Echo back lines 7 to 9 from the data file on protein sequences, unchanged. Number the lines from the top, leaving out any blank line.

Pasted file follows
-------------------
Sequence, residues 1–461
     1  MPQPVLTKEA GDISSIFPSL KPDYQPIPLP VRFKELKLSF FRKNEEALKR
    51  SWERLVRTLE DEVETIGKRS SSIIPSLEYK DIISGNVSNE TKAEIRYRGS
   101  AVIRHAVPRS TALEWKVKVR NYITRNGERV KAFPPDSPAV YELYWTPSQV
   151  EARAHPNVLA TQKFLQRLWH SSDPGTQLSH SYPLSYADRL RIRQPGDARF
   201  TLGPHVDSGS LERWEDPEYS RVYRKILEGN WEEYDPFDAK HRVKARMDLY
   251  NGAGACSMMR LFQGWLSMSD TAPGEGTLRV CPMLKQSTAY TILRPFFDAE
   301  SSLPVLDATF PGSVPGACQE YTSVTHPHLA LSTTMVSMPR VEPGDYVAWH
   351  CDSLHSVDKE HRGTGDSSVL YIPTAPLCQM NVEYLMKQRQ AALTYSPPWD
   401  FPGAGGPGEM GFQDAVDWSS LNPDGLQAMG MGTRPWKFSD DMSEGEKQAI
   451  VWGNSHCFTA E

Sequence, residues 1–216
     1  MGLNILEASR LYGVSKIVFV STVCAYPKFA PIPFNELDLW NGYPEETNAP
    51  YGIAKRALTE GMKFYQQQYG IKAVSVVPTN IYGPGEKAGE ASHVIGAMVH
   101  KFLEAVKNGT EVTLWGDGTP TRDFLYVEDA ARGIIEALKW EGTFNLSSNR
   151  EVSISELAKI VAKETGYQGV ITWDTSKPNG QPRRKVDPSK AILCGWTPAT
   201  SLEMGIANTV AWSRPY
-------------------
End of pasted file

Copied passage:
   251  NGAGACSMMR LFQGWLSMSD TAPGEGTLRV CPMLKQSTAY TILRPFFDAE
   301  SSLPVLDATF PGSVPGACQE YTSVTHPHLA LSTTMVSMPR VEPGDYVAWH
   351  CDSLHSVDKE HRGTGDSSVL YIPTAPLCQM NVEYLMKQRQ AALTYSPPWD